It’s best to consume these food items within a short period of time after purchase, such as within 1-2 days for raw meats and within 3-4 days for soft cheeses.

Clean Dishes

When preparing meals, it is important to make sure that all utensils, dishes, and counters used in the food preparation are cleaned and sanitized. This helps to prevent cross-contamination and the spread of bacteria and foodborne illnesses. Utensils, dishes, and countertops should be washed with warm, soapy water after each use and then properly sanitized. To properly sanitize dishes, they should be washed with a solution of one teaspoon of chlorine bleach per gallon of water. This should be done before and after preparing food.

In addition, cutting boards should also be regularly washed and sanitized after each use. It is best to use separate cutting boards for different types of food and color-coded cutting boards can help with this. It is also important to replace cutting boards when they become worn or cracked, as this can cause bacteria to accumulate in the cracks and be harder to remove.


Leftovers can be a convenient meal option, but if they are not stored properly and reheated correctly, they could lead to foodborne illness. The following tips will help you store and consume leftovers safely.

Storing Leftovers

When storing leftovers, use shallow containers to allow for even cooling. Cover food with airtight lids, wrap up casseroles tightly in foil, or use freezer-safe bags. Store leftovers in the refrigerator within two hours of cooking, and eat within four days.

Reheating Leftovers

When reheating leftovers, make sure that all food is heated to an internal temperature of at least 165 degrees. The best way to check is with a food thermometer. Use the stovetop, oven, or microwave to bring food up to temperature, but keep stirring or flipping food while it’s heating to ensure even heating. Avoid letting the food cool and reheat multiple times as this can lead to foodborne illness.

Food Storage Times

Different kinds of food may have different storage times in the refrigerator or freezer. As a general guideline, here are some estimates of how long food can be kept in the fridge:

  • Raw meats – 2-3 days
  • Cooked meats – 3-4 days
  • Soups and stews – 3-4 days
  • Casseroles – 3-4 days
  • Gravies, sauces, and condiments – 1-2 weeks

In the freezer, most foods will last for up to 6 months. Some foods, such as cooked vegetables, can last up to 8 months in the freezer. For specific storage times, check the label on your food or look them up online.

Prevention of Cross-Contamination

Cross-contamination is the transfer of harmful bacteria, viruses, and parasites from one food item to another. To prevent cross-contamination, it’s important to utilize a few simple strategies in the kitchen.

  • Use separate cutting boards for raw meats, vegetables, and fruit.
  • Avoid using the same knife to cut raw meat and vegetables.
  • Cut raw meats, fish, and poultry on the middle of the board rather than the edges or corners.
  • Clean and sanitize all cutting boards, knives, and counter tops after preparing food.
  • Store cooked foods away from uncooked foods to avoid cross contamination.
  • Do not place cooked food back onto a plate that contained raw food.

Follow these simple guidelines to ensure that your food is safe and will not cause foodborne illness.

Foods to Eat Fresh

Although most food can be stored in refrigerators and freezers, some food items should be eaten fresh. These include sprouts and soft cheeses.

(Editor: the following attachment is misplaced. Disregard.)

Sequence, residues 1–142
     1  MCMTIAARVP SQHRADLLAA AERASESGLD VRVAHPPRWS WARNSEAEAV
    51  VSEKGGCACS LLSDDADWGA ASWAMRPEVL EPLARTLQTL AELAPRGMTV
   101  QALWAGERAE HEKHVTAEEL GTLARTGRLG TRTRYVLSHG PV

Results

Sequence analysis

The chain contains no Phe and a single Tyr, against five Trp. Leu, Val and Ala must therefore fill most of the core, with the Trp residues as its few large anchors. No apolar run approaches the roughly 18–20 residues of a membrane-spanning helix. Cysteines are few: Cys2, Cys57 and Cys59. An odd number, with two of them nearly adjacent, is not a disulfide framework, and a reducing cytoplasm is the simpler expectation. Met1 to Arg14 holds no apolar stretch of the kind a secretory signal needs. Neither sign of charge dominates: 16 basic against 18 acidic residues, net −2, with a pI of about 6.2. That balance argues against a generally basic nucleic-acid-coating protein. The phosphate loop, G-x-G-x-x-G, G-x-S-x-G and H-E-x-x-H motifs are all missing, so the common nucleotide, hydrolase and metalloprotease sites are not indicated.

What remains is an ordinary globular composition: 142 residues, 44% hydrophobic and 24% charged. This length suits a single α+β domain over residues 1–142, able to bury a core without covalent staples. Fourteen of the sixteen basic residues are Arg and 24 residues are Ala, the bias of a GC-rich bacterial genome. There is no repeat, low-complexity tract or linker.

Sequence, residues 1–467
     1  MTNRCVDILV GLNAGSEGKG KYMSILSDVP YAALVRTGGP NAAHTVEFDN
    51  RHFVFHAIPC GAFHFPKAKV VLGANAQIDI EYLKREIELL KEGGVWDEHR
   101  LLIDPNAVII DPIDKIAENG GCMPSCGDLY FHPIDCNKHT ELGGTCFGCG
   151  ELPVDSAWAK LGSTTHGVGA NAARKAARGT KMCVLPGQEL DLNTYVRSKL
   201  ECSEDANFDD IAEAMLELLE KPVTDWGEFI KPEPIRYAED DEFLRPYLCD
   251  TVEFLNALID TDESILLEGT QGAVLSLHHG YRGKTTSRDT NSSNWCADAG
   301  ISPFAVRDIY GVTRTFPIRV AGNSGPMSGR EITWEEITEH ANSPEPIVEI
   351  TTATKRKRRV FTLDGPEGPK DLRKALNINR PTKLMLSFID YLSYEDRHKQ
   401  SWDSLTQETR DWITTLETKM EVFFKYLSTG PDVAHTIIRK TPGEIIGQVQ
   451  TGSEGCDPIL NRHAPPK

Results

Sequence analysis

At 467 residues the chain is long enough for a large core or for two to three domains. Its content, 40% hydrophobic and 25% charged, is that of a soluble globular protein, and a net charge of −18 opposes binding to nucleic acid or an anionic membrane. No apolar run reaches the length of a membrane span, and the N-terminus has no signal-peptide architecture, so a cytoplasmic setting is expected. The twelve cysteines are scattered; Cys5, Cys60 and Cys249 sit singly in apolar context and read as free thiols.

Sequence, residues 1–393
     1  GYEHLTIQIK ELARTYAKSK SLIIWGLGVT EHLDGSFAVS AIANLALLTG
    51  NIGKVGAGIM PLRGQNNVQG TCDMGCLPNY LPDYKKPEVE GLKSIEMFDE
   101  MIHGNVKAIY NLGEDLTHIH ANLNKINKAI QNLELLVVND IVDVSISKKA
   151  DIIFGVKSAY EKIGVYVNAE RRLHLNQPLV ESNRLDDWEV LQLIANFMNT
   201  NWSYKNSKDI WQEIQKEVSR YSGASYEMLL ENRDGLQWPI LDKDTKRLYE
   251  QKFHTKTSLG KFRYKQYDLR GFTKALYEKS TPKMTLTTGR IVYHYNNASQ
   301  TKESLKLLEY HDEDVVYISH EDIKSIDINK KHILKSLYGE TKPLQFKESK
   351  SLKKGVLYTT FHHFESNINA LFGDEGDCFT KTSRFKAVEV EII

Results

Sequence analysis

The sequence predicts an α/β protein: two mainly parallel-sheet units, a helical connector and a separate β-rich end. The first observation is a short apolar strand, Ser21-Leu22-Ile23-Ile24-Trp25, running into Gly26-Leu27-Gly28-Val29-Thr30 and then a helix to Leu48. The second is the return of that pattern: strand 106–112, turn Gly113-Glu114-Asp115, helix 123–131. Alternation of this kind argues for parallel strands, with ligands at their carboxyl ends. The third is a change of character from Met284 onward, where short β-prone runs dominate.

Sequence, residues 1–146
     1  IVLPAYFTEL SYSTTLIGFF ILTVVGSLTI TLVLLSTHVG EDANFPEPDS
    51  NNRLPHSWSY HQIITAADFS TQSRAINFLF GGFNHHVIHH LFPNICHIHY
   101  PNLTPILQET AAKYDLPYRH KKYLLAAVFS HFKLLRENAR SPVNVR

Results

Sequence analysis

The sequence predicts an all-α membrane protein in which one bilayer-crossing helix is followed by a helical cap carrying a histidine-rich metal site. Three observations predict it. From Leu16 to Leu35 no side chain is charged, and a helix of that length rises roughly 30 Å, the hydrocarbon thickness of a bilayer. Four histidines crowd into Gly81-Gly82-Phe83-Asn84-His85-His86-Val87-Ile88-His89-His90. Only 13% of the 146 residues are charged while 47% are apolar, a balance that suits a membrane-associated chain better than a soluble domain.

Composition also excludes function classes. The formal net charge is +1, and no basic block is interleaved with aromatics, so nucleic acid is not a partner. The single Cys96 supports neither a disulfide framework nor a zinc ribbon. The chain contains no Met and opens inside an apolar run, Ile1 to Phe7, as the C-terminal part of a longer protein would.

• Sprouts – Sprouts are incredibly nutritious, but they can also be highly susceptible to contamination with bacteria, and should therefore always be eaten fresh. They can be added to salads, sandwiches, or used as a topping for other dishes.
  • Soft Cheeses – Soft cheeses such as Brie and Camembert should also be eaten fresh. These cheeses are especially susceptible to the growth of listeria bacteria, so they should not be stored for long periods of time.

Eating fresh foods is important in order to keep food safe and prevent foodborne illnesses. It is important to know which food items are best eaten fresh, and to practice good food storage and handling practices when dealing with food.

Foods for Special Situations

Certain food items require special safety practices when handling and storing them. Examples of these include canned goods, seasonings, and pre-cut produce.

Canned goods such as fruits, vegetables, meats, and beans should always be checked for bulging lids, dents, or other signs of spoilage before eating them. If you find any of these, discard the food immediately. Seasonings should always be stored in a cool, dry place and kept sealed tightly to maintain their freshness for longer. Pre-cut produce, such as salads and ready-to-eat fruits, should always be consumed within two to three days of opening and stored in the refrigerator.

It is important to follow safe handling and storage practices with all food items, but certain foods need extra care to prevent illness. To make sure you’re safe, it’s wise to inspect cans before eating, store seasonings in a cool, dry place, and consume pre-cut produce within two to three days.


Safe handling and storage practices are essential when it comes to preventing foodborne illnesses. By implementing the tips in this guide, you can ensure that your food is always safe to eat. It’s important to remember that perishable items, such as raw meats and dairy products, should always be kept cold to prevent contamination. In addition, hot foods should be reheated to an internal temperature of 165° F in order to kill any dangerous bacteria that may be present.

The most important thing to remember is to always practice safe food handling and storage habits. By doing so, you can help to ensure that your family and all those who enjoy your cooking do not become ill from food poisoning.